In respect of the estimated costs, the Judge indicated a composite rate of £280 per hour, which the parties then used to agree the estimated costs for each phase.
Discrepancies between Budget and Bill
Following the commencement of detailed assessment proceedings, the Defendant compared the costs budget (Costs Management Order) with the bill of costs and noted the following discrepancies:
- Substantial differences in relation to hourly rates.The hourly rate included in the costs budget for the conducting fee earner was £465.00 per hour, but in the bill of costs hourly rates of £335.00 and £350.00 were claimed; and
- The bill of costs included roughly 144 to 147 hours less time for incurred costs than the costs budget.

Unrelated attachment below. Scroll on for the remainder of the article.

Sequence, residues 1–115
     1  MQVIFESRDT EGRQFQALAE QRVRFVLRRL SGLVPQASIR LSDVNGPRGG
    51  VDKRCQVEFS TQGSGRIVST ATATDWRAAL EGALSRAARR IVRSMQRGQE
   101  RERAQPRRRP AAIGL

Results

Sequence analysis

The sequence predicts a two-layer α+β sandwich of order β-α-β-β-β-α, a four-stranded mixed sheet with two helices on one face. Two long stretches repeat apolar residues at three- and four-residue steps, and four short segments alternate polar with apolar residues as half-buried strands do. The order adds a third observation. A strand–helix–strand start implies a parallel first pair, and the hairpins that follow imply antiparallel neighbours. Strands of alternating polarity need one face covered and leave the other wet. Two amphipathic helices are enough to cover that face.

The Defendant had legitimate concerns and made an Application for an Order pursuant to CPR 44.11, arising out of what the Defendant described as a mis-certification of the Claimant’s costs budget in the substantive proceedings.
It is well worthwhile reading the Judgment and the very articulate submissions advanced by both parties. This will help you to fully understand the decision, which was as follows:
- The Master did not find that the errors regarding the rates for the conducting fee earner (in respect of estimated costs) or the significant time discrepancies in relation to the time included in the costs budget and the bill of costs amounted to improper conduct.